Clean the Air Filter
If your air filter is missing, loose fitting, dirty, or in some cases not properly oiled, you could be allowing dirt or grit to grind away in your engine. Again, follow the maintenance schedule and if you ride in dusty areas clean or replace the filter more often.
Liquid-cooled motorcycles use ethylene-glycol coolant, which contains additives that deteriorate and become acidic after several years. This causes rust and corrosion and erodes metal in the engine and cooling system, leading to overheating, water pump failure, and costly repairs. Drain, flush, and replace coolant every two years and use a 50/50 mixture of anti-freeze coolant and distilled water.
Tires are essential to safety. Before every ride check tire pressures when they are cold and inflate them to the recommended pressure listed in the owner’s manual. Carry a quality air-pressure gauge because the ones at gas station pumps are often broken or inaccurate.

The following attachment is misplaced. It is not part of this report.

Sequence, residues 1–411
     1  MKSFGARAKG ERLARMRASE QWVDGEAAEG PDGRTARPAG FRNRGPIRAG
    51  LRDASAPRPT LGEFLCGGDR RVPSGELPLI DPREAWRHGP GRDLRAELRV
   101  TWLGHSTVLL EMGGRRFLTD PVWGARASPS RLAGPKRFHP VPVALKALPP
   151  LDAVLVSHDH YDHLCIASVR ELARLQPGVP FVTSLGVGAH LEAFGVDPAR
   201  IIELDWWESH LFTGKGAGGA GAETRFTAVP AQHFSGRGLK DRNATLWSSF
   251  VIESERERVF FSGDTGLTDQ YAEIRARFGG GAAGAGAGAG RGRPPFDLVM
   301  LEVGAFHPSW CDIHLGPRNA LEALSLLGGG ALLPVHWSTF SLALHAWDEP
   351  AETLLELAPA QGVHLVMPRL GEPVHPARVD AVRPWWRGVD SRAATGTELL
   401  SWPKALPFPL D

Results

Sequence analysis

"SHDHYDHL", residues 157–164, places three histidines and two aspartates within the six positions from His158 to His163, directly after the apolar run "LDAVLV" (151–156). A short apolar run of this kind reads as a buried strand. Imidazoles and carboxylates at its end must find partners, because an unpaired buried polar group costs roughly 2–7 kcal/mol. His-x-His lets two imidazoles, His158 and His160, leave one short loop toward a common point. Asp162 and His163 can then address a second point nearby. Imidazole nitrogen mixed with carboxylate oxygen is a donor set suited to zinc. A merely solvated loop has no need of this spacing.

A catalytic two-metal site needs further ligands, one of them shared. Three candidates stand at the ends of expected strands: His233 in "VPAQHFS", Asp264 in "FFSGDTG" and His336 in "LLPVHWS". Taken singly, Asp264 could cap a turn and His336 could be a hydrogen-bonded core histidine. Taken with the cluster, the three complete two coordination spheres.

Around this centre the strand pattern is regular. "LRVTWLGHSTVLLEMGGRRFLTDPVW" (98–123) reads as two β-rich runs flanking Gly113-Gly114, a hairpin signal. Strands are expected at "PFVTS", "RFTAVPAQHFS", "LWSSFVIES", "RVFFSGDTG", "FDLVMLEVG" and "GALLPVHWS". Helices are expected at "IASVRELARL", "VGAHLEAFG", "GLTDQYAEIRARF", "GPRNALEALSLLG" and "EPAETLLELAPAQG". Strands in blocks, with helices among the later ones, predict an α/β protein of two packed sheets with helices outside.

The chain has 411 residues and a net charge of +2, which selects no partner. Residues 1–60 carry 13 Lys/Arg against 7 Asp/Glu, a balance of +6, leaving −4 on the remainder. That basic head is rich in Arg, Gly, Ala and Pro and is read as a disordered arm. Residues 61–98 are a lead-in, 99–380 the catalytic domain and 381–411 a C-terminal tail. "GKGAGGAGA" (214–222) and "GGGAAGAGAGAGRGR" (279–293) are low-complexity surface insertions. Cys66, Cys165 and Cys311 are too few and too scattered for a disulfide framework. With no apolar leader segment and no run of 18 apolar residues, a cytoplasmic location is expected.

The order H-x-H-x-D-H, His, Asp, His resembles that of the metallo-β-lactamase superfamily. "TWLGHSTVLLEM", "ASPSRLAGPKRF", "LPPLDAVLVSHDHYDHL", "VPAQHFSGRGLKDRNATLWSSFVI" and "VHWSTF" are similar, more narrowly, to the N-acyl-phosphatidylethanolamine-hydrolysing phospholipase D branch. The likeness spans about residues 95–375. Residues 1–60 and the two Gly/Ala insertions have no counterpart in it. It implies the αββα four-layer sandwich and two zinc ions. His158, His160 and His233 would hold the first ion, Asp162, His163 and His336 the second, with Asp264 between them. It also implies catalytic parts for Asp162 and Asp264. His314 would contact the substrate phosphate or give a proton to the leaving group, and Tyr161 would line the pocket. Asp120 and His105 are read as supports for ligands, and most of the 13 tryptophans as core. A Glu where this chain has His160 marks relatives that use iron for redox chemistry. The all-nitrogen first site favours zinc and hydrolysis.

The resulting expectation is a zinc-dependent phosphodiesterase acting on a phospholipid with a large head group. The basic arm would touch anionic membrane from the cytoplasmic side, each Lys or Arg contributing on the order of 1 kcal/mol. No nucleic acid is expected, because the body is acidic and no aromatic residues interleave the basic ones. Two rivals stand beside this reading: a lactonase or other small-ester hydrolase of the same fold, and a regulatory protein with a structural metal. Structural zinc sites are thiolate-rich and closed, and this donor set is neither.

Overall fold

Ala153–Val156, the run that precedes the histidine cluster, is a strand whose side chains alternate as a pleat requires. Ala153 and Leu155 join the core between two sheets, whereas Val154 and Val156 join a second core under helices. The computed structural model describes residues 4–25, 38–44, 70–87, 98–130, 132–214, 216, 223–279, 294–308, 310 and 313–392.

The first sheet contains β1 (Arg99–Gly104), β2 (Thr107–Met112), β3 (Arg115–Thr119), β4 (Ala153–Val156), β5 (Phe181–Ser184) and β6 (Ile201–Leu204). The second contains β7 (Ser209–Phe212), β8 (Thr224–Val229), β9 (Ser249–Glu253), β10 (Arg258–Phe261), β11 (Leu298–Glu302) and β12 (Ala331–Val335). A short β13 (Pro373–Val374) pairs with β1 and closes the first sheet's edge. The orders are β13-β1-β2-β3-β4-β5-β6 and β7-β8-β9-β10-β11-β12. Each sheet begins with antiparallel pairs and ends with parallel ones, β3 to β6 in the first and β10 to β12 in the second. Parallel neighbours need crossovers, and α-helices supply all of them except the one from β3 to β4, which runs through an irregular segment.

Replace tires before reaching the wear-bar indicators. Tires also deteriorate over time and even though the tread looks fine, aging, sunlight, and ozone cause cracks in the sidewalls. Also, when the treads have flattened from too many miles straight up, it’s time for replacement.
Batteries are often difficult to access and therefore get ignored until there’s trouble. Conventional batteries with removable caps require frequent replenishing of electrolyte with distilled water and letting the level get too low reduces capacity and kills batteries. Eliminate this problem with a sealed, maintenance-free battery. Batteries also get ruined when they are allowed to discharge during storage. Use a maintenance charger to keep it ready to ride. If batteries are left in service when they are weak, the constant recharging needed puts heavy demand on the charging system, which can cause premature failures of stators and regulators.
In closing, take care of your bike and it will take care of you. I have one motorcycle that’s 45 years old, and it still runs like new—and yours can too!